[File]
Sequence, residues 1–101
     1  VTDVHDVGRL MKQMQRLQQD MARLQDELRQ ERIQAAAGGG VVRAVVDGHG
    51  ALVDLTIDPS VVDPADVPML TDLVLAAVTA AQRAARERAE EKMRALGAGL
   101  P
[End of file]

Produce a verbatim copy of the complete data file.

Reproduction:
Sequence, residues 1–101
     1  VTDVHDVGRL MKQMQRLQQD MARLQDELRQ ERIQAAAGGG VVRAVVDGHG
    51  ALVDLTIDPS VVDPADVPML TDLVLAAVTA AQRAARERAE EKMRALGAGL
   101  P